When big companies like NBC, Disney, and Amazon want a mobile app for one of their brands, they are increasingly turning to a new breed of developer dedicated solely to the rapidly evolving world of apps. (Smartphones! Tablets! TVs!) Their more sophisticated approach is helping large brands make hay with mobile. Here's how three of these app makers stack up.
Home base: Washington, D.C.
Home base: Seattle
Home base: Arlington, Massachusetts
|Clients: 30-plus, including Burger King, Disney, Kohl's, and The Washington Post Co.||Clients: 12, including NBC, Xbox, and Marvel (Iron Man); 50-plus brand advertisers||Clients: 25, including Amazon, Condé Nast, the New England Patriots, and Viacom|
|Patents pending: 1||Patents pending: 17||Patents pending: 4 (plus 3 granted)|
|Head count: 28||Head count: 33||Head count: 20|
|Price: $50,000 — $100,000||Price: Free to publishers (but they share ad revenue with Zumobi); ad-sponsorship fees range from $25,000 — $125,000 a month||Price: $25,000 — $150,000, plus a monthly fee based on usage|
|From zero to App Store: 6 — 8 weeks||From zero to App Store: 6 weeks||From zero to App Store: 4 — 6 weeks|
|Business-model twist: Offers a DIY app tool called AppMakr, which is free, or $999 if you want PointAbout to handle testing and App Store approval. "We make custom homes or we have a modular-home factory," says COO Daniel Odio. In the first six months of 2010, people created 20,000 apps with AppMakr.||Business-model twist: All apps are linked in the Zumobi Network, creating cross-promotional opportunities. "The network of apps drives repeat usage," says CEO Ken Willner.||Business-model twist: Creates apps that bring proven brands to the phone, such as South Park Mobile. "The most underutilized area is using apps to extend brand awareness and loyalty," says founder and CEO John Puterbaugh.|
|House style: Approaches apps like software rather than Web design, trying to make potentially complicated tasks effortless. Predilection for free apps with in-app purchasing power, such as its Burger King app that lets junk-foodies preorder meals.||House style: Free, bite-size, snackable nuggets like videos and slide shows, delivered via slick interfaces that zoom in and out. Ad-friendly: A Mercedes E-class photo-montage in the Motor Trend app, for example, is an ad but also "content."||House style: Interactivity and multimedia obsessed; skilled at delivering apps, such as AudibleAir for BlackBerry, across all wireless carriers.|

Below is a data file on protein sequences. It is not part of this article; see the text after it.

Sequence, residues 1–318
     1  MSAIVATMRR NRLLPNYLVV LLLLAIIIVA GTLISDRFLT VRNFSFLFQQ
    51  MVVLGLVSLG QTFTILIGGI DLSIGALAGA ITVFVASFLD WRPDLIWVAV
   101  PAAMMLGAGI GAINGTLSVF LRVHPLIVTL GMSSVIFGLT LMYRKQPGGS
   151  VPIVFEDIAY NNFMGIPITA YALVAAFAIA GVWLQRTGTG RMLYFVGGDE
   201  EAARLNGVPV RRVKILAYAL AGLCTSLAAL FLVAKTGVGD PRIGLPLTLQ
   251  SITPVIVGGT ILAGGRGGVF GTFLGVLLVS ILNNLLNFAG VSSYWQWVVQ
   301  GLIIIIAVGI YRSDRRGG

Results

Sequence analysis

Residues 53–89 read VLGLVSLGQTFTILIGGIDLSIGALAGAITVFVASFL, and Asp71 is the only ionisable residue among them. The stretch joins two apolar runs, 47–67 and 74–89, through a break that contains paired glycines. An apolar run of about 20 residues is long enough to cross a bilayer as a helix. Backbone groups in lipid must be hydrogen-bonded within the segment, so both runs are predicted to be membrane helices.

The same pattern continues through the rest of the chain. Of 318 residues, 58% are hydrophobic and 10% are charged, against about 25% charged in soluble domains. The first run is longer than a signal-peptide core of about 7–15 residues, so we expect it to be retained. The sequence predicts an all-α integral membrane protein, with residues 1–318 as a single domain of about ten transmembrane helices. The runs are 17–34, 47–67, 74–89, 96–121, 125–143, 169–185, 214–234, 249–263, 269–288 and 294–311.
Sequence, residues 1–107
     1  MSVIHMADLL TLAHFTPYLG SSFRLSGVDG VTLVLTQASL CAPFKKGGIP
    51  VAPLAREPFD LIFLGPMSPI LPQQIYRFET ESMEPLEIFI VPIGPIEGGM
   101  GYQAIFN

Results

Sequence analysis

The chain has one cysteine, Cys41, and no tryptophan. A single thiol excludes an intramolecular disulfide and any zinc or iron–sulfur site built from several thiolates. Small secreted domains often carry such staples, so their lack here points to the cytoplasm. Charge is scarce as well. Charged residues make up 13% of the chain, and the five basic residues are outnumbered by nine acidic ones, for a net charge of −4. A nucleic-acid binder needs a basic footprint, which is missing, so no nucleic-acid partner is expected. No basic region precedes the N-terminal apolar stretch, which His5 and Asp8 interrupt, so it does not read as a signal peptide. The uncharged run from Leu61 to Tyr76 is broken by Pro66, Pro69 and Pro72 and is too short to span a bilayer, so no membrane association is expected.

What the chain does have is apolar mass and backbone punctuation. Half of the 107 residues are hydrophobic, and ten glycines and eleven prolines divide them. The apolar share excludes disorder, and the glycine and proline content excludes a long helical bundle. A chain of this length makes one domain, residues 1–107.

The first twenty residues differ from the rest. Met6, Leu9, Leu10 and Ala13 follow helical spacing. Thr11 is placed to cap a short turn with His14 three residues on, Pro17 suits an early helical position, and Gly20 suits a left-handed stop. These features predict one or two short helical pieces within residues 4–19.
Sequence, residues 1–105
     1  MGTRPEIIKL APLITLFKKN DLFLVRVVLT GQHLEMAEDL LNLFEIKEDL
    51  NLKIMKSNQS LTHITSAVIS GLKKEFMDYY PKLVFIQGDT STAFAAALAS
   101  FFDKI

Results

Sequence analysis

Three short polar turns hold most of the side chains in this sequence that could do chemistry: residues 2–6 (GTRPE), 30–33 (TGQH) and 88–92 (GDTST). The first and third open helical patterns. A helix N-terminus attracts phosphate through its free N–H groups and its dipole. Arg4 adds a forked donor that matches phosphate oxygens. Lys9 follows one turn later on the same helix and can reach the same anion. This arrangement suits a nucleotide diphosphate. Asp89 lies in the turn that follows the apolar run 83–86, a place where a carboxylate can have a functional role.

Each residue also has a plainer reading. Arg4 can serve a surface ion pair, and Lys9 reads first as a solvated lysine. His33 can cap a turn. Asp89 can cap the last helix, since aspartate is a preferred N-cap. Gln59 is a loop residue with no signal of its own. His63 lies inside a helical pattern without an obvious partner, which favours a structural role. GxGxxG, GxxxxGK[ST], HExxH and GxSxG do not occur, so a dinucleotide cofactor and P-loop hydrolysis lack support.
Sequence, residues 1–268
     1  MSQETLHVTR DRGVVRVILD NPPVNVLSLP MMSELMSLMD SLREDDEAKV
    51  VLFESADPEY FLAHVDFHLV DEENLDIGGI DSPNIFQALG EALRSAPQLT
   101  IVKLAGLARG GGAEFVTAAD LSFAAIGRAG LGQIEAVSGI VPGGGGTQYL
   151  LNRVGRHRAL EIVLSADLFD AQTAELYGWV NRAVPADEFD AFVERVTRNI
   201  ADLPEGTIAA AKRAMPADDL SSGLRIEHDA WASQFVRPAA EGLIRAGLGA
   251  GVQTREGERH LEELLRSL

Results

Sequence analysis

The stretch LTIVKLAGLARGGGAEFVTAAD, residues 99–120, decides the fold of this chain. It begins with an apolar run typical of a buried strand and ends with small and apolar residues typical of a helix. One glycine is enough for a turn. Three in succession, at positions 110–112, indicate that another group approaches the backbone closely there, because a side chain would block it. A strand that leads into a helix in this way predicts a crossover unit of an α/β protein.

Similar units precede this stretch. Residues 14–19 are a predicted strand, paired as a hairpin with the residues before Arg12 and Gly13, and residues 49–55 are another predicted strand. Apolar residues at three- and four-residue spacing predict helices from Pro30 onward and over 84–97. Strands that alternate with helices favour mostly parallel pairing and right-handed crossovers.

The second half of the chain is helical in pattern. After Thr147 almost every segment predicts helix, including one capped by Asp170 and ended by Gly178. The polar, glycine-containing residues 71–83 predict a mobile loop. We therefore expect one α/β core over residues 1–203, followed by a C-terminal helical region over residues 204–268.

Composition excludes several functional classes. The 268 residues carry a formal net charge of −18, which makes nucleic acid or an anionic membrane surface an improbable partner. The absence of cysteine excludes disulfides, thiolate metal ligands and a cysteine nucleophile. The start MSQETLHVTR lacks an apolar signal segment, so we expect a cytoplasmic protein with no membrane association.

|Breakout app: Navigating Washington, a guide for the wandering throng in D.C. during Obama's inauguration.||Breakout app: MSNBC.com. Top news, up to 50 videos a day — and Rachel Maddow.||Breakout app: Warner Music Group's streaming audio app, Mobile Music Jukebox, way back in 2004, before Pandora had even launched as a Web service.|
|Most innovative feature: Mugshotz app allows people to trick-out photos of friends; now being used by companies like Marvin Windows to show before and after virtual-room photos.||Most innovative feature: The app Ziibii aggregates various social media and RSS feeds into one giant, TMI social stream.||Most innovative feature: Shopable video. A user can touch something and get instant info or even purchase directly. (Good news, Lady Gaga fans.)
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|Pet peeve: "Apps" that are just Web sites distilled into downloadable mobile icons.
||Pet peeve: Forcing an app to be exactly the same across all platforms.
||Pet peeve: Text-centric apps that are not inherently necessary on a mobile device.
A version of this article appeared in the September 2010 issue of Fast Company magazine.